The Busia One Stop Border Post was yesterday, 24th February 2018 commissioned by Presidents; Yoweri Museveni of Uganda and Uhuru Kenyatta of Kenya.
Construction of the physical infrastructures for Busia OSBP started in August 2013 and was completed in May 2016 on the Ugandan side; and started in April 2012 and was completed in July 2017 on the Kenyan side.
Speaking at the launch of the Busia OSBP held at the Busia URA Cargo Clearance Compound, both Museveni and Uhuru appreciated the good work done by TradeMark East Africa and its partners in improving the East Africa trade environment.
“I thank Trademark EA, President Kenyatta and the government of Kenya for this spirit of cooperation. I also thank the people of Busia for supporting the NRM government. We shall repair the bad sections of Busia- Kampala road and repair the railway to ease transport,” President Museveni noted as posted on his Twitter account.
He added: “The Busia facility will be improved. For example, we need X-ray technology to check loaded trucks and stop this method of manual checking. We need to use modern technology. We are also working on using radar stations on the lake to curb fish smuggling and catching immature fish.”
On his part, President Kenyatta said the commitment of the leaders of the region is bearing fruit as substantial progress has been achieved in the integration process.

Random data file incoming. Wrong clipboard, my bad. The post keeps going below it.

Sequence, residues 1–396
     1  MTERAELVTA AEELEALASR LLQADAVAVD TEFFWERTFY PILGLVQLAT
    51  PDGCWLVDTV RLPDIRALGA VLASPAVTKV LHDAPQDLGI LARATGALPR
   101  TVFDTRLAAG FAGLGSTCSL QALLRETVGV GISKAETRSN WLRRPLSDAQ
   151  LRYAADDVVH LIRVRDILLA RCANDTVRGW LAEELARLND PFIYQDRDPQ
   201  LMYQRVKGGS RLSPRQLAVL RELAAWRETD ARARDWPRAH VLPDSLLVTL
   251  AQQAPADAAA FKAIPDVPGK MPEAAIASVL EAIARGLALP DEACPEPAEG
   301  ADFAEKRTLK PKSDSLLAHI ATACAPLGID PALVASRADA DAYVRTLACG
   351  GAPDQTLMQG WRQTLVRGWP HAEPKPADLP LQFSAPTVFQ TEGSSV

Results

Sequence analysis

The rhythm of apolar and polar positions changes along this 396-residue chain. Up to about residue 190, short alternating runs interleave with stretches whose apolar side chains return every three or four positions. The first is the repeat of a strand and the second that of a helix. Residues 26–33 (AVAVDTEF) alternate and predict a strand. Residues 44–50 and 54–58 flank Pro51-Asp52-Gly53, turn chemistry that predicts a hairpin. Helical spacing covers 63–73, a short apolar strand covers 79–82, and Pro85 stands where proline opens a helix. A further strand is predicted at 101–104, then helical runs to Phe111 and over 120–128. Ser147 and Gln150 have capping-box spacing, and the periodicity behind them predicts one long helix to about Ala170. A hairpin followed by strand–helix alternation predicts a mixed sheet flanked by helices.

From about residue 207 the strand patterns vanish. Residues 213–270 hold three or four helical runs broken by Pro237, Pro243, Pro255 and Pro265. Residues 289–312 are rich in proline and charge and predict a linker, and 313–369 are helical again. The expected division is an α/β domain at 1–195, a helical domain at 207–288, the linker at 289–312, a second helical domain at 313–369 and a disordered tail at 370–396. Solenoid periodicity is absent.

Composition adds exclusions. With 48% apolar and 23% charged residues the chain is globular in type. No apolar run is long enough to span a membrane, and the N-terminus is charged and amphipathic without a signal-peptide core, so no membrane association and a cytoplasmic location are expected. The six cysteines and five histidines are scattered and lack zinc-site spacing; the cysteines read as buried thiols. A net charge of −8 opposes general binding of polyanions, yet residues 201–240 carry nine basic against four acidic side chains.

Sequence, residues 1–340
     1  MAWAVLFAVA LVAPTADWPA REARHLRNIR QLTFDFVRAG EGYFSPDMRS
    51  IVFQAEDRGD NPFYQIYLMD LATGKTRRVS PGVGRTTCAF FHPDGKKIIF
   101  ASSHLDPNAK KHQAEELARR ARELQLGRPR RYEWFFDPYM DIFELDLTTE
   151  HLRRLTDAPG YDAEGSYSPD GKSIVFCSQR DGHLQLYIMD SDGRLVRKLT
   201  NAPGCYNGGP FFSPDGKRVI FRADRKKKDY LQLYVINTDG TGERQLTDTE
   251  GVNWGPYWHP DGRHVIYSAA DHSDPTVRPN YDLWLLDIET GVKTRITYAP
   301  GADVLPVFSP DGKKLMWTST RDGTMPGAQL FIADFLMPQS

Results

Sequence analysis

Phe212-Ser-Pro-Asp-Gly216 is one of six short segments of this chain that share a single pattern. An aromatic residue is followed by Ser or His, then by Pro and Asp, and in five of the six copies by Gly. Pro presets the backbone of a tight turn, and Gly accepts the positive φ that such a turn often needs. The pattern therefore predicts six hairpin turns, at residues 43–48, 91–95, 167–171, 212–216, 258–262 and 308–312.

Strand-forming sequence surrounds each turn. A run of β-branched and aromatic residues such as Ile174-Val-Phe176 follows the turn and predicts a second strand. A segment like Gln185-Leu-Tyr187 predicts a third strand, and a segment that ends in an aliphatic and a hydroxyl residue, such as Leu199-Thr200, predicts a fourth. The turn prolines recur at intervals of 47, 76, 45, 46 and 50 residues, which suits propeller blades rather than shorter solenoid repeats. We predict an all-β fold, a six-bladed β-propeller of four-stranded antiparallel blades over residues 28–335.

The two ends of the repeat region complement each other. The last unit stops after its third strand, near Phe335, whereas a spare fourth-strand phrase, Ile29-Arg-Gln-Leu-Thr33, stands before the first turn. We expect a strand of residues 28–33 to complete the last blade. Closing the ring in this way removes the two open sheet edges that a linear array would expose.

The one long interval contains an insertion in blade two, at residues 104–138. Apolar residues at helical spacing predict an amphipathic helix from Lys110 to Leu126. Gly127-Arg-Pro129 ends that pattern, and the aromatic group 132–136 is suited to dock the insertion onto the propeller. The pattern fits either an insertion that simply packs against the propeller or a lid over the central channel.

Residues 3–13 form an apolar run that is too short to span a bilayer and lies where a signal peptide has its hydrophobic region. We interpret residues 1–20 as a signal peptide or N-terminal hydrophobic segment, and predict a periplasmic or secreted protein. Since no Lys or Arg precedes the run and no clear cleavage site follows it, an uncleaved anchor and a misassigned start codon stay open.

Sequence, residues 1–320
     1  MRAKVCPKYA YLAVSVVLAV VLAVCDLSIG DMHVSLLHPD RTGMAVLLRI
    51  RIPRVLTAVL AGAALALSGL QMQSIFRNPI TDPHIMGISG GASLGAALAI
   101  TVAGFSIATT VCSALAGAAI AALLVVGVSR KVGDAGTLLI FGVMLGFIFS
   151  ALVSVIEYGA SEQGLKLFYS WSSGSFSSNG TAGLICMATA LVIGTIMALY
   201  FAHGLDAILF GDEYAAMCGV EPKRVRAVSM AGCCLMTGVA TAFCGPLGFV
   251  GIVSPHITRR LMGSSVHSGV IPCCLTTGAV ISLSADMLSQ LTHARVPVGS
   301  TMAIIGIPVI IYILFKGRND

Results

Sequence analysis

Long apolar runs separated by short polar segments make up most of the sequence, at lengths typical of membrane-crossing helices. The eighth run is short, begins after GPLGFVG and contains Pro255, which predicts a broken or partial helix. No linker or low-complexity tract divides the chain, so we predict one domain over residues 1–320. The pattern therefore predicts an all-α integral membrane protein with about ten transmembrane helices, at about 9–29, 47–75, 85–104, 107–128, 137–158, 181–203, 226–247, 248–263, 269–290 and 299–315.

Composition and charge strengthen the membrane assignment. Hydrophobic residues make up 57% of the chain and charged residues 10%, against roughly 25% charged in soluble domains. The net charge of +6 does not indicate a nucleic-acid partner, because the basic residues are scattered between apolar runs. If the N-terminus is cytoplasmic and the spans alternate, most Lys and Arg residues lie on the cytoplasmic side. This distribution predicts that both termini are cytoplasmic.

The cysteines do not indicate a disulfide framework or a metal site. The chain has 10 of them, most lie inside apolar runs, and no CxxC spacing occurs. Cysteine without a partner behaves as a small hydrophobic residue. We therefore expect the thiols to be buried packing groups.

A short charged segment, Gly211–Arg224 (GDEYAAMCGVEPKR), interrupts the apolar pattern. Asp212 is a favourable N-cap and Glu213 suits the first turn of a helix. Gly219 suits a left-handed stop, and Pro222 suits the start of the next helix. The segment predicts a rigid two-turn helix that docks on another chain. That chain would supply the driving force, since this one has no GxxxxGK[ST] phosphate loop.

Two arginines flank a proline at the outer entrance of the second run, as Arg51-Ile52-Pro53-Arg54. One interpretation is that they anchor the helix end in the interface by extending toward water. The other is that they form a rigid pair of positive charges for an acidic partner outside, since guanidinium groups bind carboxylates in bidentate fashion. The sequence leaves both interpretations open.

TradeMark East Africa – TMEA with support from UK’s Department for International Development (DFID) and partners has developed “15 OSBPs in East Africa including South Sudan and has invested about USD 117 million in OSBPs and access roads. Estimates of benefits show a return of about about 30 for every dollar invested.”
TMEA CEO Frank Matsaert, said, “The completion and operationalisation of the Busia OSBP is a crucial milestone in increasing access to markets and the facilitation of the movement of cargo along the Northern Corridor. When initially investing $12 million with our donors, the United Kingdom and Canada, greater access to markets, increased efficiency that would reduce costs by reducing time and improved infrastructure were just a few of our end goals. Ultimately, our projects in physical infrastructure and automation of key government trade processes like customs, have complemented each other to reduce the cost of doing business and boost trade volumes, increasing both Kenya’s and Uganda’s overall trade competitiveness. Most importantly, they have contributed to governments being businesses being able to expand thus creating jobs.”